Update: Oct. 8
The Office of Personnel Management issued an expansion on its emergency leave transfer program Oct. 7 to include parts of Pennsylvania that were impacted by Hurricane Ida in late August.
The new counties where feds can access additional leave donated by their fellow employees include Bucks, Chester, Delaware, Montgomery, Philadelphia and York.
Agency heads are responsible for administering the ELTP and approving both donations and requests for leave.
Federal employees who need extra time off to deal with the impacts of Hurricane Ida may be able to access leave donated by their coworkers, under an emergency leave transfer program authorized Sept. 3 by the Office of Personnel Management.
Ida made landfall in Louisiana Aug. 29, moving toward the northeast coast and producing severe weather conditions in areas including New York and New Jersey.
ELTPs may be established when a significant number of federal employees have been affected by a major disaster or emergency as declared by the president. The programs enable non-impacted employees to contribute unused annual leave to a bank maintained by the agency.
Employees impacted by the disaster can then apply to the agency, either in writing or through their leave representative, to access a certain amount of that leave while dealing with the effects of the emergency.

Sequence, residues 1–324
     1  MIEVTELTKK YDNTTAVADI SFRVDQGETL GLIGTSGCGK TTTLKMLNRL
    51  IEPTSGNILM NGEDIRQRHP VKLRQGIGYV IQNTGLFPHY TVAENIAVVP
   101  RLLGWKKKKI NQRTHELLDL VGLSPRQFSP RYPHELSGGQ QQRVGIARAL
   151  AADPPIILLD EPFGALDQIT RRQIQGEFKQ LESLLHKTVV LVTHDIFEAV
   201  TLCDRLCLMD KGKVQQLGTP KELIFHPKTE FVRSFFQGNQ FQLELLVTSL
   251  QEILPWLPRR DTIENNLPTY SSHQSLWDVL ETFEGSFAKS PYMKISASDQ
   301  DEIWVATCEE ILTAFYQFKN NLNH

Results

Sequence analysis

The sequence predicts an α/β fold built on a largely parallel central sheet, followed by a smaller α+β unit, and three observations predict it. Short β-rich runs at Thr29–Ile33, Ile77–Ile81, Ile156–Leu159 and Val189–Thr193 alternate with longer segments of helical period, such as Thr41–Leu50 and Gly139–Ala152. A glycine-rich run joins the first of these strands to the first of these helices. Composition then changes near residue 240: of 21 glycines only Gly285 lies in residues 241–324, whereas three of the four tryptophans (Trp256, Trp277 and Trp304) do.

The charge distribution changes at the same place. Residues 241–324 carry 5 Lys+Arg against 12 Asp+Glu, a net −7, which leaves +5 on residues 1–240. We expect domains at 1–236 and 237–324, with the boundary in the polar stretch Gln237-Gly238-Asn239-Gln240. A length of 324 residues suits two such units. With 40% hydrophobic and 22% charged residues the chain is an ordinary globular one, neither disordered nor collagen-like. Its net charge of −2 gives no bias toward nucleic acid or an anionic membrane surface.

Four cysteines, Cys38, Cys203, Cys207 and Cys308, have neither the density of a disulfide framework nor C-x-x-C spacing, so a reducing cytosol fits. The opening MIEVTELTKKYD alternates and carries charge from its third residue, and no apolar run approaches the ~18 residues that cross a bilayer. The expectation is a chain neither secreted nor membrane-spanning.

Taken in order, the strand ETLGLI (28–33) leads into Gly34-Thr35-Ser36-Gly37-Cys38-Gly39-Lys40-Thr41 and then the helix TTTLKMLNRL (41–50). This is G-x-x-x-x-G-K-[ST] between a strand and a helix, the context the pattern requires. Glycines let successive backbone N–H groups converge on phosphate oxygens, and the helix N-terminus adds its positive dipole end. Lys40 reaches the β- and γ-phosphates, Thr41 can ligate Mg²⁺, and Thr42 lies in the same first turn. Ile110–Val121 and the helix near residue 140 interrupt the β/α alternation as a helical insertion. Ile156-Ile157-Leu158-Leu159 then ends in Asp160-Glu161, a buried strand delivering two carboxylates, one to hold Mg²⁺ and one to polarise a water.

If an agency’s ELTP applications exceed the amount of leave in the donation bank after several internal calls for leave donations, agency leaders can apply to OPM to access additional donated leave from other agencies. This option can be useful for agencies that may have a significant percentage of employees impacted by a disaster.
Agency and department heads, or those they designate, are responsible for approving leave donations and distributions.
OPM encouraged agencies to consider other work and leave flexibilities, as the U.S. hits the height of hurricane season.
Agencies may authorize more widespread telework to keep employees from needing to travel through hazardous areas.
Weather and safety leave may be granted to employees who cannot safely get to the usual worksite due to a severe weather or emergency situation and cannot safely telework from their approved telework location. This type of leave can be useful for areas where the hurricane has made both homes and worksites in the area unsafe, and employees may have had to evacuate or shelter in place without the capabilities for remote work.
Employees ordered to evacuate due to a severe weather or an emergency situation may also be granted advance payments, continuation of pay, and payments for travel and subsistence expenses, at the discretion of the agency head. Employees must be able to confirm that they were ordered to evacuate as a result of the emergency.
The entire states of Louisiana, Mississippi and New Jersey were under an emergency declaration for Hurricane Ida, according to the Federal Emergency Management Agency. Bronx, Dutchess, Kings, Nassau, New York, Orange, Putnam, Queens, Richmond, Rockland, Suffolk, Sullivan, Ulster and Westchester counties of New York were also designated as disaster areas.
Jessie Bur covered the federal workforce and the changes most likely to impact government employees for Federal Times.